In revving up their quest for world domination, 2014 will likely be a defining year for the UFC. During their growth over the past 20 years, the promotion has become synonymous not just with mixed martial arts but with the best mixed martial arts has to offer.
Fighters are always judged on if they are “UFC-caliber” and the UFC prides itself on employing the best fighters in the world. The strength of the UFC brand can be found in its brand identity. Brand Identity is the meaning or associations tied to a brand and what the brand stands for in the eyes of the consumer. For the UFC it was simple; put on the best fights possible with the best fighters in the world. Fans trust that the UFC would continue to do just that. But as the promotion’s plans for global expansion become available, it is conceivable that the UFC brand may become diluted and could face a real identity crisis.
The promotion has long maintained its desire to make mixed martial arts the largest sport in the world. In their endeavors to take the brand internationally, the UFC has stayed true to the motto “think global, act local.” This is evident in the cards of many of their international events. In Europe, the card will be stacked with fighters from the host country as well as many neighboring nations. In Brazil, cards carry all but a few non-Brazilians. However, more and more often those cards are filled with local fighters who are unknown names to most MMA fans. It is very possible that the UFC is following that “think global, act local” guide a little too closely.
For instance, the recently announced UFC Fight Night 34 card in Singapore features an extremely lackluster main event, a bevy of lower-tier veterans, and several newcomers who would have never been previously deemed “UFC-caliber”. A great example would be Royston Wee, a newly signed bantamweight from Singapore, is 2-0 and hasn’t fought in 2 years. The UFC is banking on the power of their brand to sell tickets, draw ratings and watch whoever they deem “UFC-caliber”. How long that can last becomes the question. The consistency of a brand is what allows for trust to be built with the consumer. If the UFC does not put out a consistent product, how can the fans continue to trust it?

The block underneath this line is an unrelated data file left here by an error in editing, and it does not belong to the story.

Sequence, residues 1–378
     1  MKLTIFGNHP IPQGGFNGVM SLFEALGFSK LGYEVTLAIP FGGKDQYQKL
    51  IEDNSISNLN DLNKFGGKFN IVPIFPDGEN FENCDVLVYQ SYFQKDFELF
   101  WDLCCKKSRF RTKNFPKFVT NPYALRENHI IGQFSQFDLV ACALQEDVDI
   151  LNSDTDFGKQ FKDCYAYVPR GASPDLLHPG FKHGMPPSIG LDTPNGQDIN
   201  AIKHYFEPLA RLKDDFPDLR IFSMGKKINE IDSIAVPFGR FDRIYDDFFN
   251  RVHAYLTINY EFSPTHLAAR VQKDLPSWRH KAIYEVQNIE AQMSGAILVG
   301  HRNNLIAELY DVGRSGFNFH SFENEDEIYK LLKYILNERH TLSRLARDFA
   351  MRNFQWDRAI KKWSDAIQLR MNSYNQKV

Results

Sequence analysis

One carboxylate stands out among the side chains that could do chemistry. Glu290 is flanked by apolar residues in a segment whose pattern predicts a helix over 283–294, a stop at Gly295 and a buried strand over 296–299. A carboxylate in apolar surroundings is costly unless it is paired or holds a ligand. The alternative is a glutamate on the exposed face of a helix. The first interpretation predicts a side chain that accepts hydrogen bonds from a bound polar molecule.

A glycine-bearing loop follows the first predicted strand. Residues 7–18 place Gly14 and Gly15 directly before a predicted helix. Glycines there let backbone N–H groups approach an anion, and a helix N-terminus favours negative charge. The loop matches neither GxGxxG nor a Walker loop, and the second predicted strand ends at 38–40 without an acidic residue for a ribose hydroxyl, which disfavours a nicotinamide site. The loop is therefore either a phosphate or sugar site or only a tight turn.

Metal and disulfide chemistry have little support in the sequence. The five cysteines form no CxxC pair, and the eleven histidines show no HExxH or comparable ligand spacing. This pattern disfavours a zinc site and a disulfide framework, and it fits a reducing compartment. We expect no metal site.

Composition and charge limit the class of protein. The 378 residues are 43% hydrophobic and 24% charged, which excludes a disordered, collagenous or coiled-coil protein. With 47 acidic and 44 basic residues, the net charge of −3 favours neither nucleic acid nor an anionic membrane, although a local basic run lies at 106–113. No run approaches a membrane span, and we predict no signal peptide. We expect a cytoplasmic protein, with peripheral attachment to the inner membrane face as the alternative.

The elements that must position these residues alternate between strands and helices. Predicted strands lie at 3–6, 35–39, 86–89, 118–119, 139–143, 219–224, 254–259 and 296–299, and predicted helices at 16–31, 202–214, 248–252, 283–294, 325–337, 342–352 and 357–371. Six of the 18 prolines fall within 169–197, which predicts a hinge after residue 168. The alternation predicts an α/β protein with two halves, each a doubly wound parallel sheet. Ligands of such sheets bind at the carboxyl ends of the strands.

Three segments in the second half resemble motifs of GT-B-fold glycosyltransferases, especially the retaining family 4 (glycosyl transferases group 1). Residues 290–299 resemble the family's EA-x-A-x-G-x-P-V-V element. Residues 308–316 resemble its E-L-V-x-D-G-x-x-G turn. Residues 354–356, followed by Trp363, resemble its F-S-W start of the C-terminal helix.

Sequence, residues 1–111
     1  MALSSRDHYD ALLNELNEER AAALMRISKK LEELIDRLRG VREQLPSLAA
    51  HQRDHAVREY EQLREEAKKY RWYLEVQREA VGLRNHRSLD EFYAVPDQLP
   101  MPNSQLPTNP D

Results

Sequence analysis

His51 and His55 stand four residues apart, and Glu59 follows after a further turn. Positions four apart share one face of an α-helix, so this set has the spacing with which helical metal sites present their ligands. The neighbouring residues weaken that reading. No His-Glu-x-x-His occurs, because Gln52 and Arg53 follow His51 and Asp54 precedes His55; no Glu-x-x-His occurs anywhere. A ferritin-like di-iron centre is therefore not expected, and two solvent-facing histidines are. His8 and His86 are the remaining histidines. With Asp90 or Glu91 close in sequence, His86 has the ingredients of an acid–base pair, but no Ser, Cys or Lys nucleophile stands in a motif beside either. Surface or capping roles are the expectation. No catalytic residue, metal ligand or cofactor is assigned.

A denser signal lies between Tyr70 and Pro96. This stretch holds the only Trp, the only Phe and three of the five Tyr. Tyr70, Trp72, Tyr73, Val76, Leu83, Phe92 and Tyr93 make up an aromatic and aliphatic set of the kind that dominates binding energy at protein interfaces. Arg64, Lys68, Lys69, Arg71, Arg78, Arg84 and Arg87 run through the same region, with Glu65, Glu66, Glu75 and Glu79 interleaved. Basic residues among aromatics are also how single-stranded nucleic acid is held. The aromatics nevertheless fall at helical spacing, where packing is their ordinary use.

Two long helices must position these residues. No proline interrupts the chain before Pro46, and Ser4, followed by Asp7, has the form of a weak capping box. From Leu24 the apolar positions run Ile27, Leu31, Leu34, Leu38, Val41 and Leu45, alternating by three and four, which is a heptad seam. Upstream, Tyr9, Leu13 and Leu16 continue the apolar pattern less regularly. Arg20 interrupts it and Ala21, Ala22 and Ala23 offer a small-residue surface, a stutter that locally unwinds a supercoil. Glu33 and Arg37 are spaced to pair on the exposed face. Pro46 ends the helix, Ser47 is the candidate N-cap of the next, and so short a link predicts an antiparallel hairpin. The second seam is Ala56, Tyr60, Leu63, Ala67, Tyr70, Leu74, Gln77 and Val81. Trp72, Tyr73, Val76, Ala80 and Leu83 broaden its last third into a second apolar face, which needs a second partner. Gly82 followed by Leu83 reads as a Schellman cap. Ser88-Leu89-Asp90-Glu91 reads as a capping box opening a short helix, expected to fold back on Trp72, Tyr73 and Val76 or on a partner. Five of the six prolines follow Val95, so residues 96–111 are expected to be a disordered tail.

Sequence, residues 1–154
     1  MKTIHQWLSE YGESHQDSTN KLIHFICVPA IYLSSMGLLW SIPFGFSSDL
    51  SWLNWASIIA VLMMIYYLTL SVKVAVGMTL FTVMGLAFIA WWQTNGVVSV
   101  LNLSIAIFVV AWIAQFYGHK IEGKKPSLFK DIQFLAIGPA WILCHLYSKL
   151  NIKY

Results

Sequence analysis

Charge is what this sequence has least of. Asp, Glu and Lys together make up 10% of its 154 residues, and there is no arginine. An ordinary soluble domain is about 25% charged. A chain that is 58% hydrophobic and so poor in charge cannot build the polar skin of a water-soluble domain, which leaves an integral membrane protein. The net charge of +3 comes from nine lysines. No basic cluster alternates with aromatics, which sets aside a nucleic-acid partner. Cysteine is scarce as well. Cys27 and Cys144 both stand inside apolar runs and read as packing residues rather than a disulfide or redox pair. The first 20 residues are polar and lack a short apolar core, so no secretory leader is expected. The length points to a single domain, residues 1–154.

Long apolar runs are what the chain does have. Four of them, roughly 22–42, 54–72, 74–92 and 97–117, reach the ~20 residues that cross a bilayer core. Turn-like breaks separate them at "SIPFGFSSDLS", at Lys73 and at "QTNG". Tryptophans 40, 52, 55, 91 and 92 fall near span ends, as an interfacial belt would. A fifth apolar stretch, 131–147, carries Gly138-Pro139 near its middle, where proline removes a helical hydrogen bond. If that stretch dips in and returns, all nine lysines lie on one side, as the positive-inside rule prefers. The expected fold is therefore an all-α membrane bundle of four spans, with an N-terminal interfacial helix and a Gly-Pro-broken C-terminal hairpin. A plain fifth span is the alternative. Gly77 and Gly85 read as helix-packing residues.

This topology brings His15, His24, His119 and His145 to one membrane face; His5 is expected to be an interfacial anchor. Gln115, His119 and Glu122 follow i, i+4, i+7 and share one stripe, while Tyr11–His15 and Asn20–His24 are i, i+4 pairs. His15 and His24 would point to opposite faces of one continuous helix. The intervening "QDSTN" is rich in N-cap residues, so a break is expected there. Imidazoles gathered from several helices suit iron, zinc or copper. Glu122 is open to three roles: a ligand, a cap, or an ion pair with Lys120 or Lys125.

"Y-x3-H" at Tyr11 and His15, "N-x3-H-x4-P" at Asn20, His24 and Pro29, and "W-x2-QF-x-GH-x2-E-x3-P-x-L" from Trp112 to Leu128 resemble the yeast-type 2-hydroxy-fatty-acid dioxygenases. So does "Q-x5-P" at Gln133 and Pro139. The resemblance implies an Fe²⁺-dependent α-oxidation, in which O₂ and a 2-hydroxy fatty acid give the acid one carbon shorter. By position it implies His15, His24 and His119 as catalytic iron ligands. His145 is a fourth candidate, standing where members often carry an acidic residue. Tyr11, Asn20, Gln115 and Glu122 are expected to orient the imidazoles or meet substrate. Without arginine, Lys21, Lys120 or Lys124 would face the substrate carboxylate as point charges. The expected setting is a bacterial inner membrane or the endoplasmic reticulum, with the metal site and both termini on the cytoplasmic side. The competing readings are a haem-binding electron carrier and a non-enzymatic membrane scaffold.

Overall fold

The promotion can attempt to curb these potential hazards but creating some brand architecture. They could create an endorsed brand for some of these lesser quality Fight Night type cards. Refer to the events as a different promotion that is associated to the UFC but still promote them as they would a normal UFC event. For example, if they purchased XYZ regional promotion, the events would be promoted as “UFC presents XYZ Fight Night”. The endorsed brand/promotion would prevent the UFC brand from being diluted and could also serve as feeder organization. A sub-brand is also an option. Similarly to how Strikeforce put on their “Strikeforce Challengers” shows, the UFC could create a sub-brand where the expectations for the product are much lower and the master brand, while still featured, is protected.
Realistically, neither option will likely ever be considered by the Zuffa brass. How they approach the growth of the promotion over the next few years will tell us a lot about how they view their own brand. It is possible that their vision is to have the UFC become synonymous with mixed martial arts all over the world. But how did that work for Xerox? Or Kleenex? When the product and the brand are one the same, growth potential is severely limited. Continuing to put out a strong, “UFC-caliber”, product would seem to be the key in the UFC’s goal for global expansion. Otherwise, they may end up in the history books, alongside the rest of the failed conquerors.